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Blue is the Warmest Color

Blue is the Warmest Color 2013

As of this moment, this is what I will refer to as the final “major” superhero or comic book film that I had yet to watch and review since starting this site. It’s one that I’ve put off for a variety of reasons. One of which is the multiple, extended, and explicit sex scenes over the course of this three hour movie. Now, I’m not generally one to shy away from sex and nudity, but when you’re the father of a 10 year old girl who has a very bad habit of staying up much later than she should, you tend to be very careful about what you watch in the living room. But once I got past that hurdle albeit in shorter chunks over the course of four evenings, I did enjoy the extended and raw tale of a young woman finding herself through school, romance, and sexuality. And while I myself am not a teenager, a woman, or gay, there was still plenty about Adele’s journey that I strongly related to throughout the course of this film.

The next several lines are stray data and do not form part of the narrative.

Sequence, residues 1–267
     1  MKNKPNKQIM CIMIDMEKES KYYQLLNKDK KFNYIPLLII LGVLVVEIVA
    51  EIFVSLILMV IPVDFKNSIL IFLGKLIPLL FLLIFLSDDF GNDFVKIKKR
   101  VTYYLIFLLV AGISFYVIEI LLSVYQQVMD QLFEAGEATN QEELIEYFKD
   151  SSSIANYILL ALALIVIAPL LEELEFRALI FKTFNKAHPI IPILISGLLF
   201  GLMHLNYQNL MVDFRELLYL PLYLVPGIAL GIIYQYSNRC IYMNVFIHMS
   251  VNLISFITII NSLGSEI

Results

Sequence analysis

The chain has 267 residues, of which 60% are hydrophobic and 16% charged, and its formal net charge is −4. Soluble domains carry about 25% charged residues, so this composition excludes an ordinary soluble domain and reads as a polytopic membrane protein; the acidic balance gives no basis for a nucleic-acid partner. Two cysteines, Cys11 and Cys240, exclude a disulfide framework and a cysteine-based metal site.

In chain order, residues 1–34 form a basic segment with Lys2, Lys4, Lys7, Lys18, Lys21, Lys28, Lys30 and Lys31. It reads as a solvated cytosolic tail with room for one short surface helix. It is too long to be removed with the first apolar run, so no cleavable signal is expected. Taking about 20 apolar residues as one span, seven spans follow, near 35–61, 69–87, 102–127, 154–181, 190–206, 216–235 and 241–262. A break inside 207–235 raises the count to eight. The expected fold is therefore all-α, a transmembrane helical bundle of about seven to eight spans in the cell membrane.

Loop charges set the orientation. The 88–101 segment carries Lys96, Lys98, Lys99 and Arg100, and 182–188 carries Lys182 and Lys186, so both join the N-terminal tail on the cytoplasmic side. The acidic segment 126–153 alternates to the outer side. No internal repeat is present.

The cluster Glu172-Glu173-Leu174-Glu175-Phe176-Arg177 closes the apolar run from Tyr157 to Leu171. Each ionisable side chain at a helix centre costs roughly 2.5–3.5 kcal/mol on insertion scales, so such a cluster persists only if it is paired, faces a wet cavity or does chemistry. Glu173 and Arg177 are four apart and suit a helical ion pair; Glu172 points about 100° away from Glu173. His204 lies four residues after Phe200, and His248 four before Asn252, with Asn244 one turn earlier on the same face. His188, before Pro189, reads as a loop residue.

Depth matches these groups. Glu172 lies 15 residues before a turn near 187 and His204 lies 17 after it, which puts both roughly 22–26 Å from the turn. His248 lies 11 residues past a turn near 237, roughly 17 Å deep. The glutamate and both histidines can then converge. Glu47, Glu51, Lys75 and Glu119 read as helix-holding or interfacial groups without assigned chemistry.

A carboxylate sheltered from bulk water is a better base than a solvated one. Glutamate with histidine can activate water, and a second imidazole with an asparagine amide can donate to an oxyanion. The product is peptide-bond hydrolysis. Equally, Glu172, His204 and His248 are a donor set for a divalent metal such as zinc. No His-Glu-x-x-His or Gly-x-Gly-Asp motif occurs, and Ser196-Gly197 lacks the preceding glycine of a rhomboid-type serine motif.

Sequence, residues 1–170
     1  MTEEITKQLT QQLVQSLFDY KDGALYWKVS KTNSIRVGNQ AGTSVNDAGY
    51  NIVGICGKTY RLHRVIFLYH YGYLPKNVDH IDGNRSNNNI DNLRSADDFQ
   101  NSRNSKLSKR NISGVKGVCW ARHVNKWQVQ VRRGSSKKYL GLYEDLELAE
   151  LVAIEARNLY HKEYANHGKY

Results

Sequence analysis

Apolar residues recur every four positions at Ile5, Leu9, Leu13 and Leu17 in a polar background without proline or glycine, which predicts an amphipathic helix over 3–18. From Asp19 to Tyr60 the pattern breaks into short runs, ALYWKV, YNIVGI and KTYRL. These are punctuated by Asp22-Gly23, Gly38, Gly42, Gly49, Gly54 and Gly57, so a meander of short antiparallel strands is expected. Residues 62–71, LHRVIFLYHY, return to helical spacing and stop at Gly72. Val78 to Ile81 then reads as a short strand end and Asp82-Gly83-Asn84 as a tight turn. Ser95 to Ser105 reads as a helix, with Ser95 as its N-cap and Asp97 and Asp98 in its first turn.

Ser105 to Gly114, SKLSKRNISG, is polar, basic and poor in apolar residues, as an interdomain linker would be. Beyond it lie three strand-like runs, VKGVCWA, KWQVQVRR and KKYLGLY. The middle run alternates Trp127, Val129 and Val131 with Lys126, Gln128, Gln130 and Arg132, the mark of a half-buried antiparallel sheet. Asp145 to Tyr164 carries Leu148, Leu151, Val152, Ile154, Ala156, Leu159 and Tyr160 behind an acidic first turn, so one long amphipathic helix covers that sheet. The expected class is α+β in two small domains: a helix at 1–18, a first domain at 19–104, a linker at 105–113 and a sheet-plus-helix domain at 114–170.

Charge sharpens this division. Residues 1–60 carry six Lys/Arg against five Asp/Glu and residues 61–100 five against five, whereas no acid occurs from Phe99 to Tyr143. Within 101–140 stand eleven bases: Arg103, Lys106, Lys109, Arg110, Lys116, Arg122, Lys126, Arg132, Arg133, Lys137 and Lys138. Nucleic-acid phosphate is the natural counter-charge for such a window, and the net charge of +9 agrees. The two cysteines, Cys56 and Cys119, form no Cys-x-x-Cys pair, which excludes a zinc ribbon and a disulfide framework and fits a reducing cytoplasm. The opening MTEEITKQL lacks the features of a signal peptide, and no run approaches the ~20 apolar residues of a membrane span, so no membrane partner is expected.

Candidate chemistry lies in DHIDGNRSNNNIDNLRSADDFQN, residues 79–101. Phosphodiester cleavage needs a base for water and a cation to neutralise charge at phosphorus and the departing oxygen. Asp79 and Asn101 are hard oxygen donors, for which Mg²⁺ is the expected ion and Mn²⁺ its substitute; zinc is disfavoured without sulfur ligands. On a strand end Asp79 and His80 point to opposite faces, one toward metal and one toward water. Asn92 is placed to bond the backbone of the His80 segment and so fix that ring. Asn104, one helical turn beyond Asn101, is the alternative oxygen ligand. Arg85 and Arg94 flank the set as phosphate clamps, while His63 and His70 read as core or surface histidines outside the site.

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Before getting too much into the plot of this film which is basically a slice of life movie, it seems appropriate to discuss the most infamous part of this film which are the extended and quite graphic sex scenes. What the filmmaker seems to get wrong about these moments is how much of a stark contrast they are to the rest of the film. There is a conscious effort to make the film seem real, raw, and not glamorized. The actors, and especially Adele rarely wear any make up and her hair is done up in a very natural way. There are plenty of moments that highlight the banality of life where she is just sleeping on a train, and plenty of scenes where they are eating simple meals. But when it comes to the sex, it becomes near pornographic. The focus isn’t placed on the normalcy of the sex, but rather on the eroticism and titillation. Even so, the movie has focused on Adele and her feelings, which can make the explicit sex an amplification of the strength of her feelings and as a viewer it creates a feeling of uncomfortable voyeurism. And despite being much more explicit than the average R-rated movie, there is still a sense of fakery in how the two are posed and the angles that are shown that fall somewhere in between how sex would actually happen in real life, and how sex is viewed in pornography.